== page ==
The Lusk Corporation was the only builder in the country to receive the National Association of Home Builder Award of Merit for five consecutive years starting in 1954. Indian Ridge is unique in that it creates a sense of privacy through the use of cul-de-sacs, natural desert vegetation and careful planning of site orientation as stated from an article from the period "individuality is preserved by insuring that no identical homes in design and lot arrangement appear on the same street". The use of carports rather thanenclosed garages was both economical and a way of retaining some of the "neighborly openness" of the old front porch. Custom designed street signs and mailboxes are also found in most of the neighborhoods developed by Lusk.
The Indian Ridge neighborhood is a wonderful example of a mid century modern planned comminity built by the Lusk Corporation from 1955 to 1964. The homes were affordable, well built, modest in scale, most included fireplaces and with built in kitchen appliances. Their floor plans are balanced, open with flexable family areas - kitchen, dining, activity rooms, living rooms with very compact organization of the bedrooms and baths. The roofs are low-pitched with deep overhangs that provide passive solar orientation. Many ceilings are open to the underside of the roof with the gable end glazed above the line of the wall - this creates a level line accenting the top of the solidly built walls of either burnt adobe block or brick.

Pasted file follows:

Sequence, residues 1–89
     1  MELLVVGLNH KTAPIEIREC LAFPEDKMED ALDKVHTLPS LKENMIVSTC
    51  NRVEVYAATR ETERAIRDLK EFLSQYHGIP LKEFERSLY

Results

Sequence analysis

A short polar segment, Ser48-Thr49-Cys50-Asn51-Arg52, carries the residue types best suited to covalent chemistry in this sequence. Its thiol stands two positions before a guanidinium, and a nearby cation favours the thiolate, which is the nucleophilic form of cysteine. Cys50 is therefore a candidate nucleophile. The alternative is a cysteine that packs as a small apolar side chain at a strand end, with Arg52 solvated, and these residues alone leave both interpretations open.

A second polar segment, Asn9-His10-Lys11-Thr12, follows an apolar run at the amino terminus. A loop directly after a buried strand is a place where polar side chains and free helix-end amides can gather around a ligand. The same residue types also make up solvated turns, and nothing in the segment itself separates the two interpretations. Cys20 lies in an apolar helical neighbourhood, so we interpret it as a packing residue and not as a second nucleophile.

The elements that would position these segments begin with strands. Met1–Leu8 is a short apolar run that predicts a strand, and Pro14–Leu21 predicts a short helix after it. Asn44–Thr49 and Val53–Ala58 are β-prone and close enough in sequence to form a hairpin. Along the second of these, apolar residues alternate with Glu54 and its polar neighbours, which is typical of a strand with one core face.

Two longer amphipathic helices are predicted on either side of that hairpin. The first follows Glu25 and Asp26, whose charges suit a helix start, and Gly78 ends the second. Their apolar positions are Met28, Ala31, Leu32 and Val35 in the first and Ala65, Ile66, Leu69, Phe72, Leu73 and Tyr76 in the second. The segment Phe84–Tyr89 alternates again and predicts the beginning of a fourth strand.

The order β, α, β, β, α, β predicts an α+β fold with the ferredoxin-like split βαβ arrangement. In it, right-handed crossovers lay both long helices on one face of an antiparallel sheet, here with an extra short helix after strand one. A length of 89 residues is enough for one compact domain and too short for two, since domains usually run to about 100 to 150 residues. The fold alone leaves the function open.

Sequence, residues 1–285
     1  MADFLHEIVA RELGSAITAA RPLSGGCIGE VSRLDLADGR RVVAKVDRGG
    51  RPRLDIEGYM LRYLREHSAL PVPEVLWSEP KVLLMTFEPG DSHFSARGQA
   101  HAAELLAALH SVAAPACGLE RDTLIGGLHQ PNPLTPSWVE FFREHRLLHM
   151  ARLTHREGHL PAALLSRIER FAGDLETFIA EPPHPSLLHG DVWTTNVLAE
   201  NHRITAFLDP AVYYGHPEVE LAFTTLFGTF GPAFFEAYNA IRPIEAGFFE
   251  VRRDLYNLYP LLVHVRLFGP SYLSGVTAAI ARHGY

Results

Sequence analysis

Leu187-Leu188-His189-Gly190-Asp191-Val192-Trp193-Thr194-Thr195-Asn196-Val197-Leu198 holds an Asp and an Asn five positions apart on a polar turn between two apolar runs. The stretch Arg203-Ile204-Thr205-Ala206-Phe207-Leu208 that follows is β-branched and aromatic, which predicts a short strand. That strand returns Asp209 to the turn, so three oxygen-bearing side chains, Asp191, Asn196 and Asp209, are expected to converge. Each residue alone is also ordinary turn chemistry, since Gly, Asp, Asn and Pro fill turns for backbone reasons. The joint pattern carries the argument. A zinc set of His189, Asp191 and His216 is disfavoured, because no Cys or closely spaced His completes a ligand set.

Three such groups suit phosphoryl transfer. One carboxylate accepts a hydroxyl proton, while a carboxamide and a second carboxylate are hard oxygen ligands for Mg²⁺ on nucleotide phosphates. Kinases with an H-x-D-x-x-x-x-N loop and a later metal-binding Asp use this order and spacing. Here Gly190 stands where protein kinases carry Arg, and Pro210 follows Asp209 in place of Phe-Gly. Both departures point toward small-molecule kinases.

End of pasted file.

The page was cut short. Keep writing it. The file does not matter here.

The Indian Ridge Historic District is a wonderful example of a mid century modern planned community built by the Lusk Corporation in Tucson Arizona from 1955 to 1964. The district was added to the National Register of Historic Places on July 16th, 2010.
Included in this website is information about the University Indian Ruins where the first residents of this ridge resided and how the neighborhood acquired its name.
Swim Team Season
Fourth of July Parade
To share the history and information that was collected during the process to get the neighborhood listed on the National Register of Historic Places.
All content included in this website is for educational purposes only.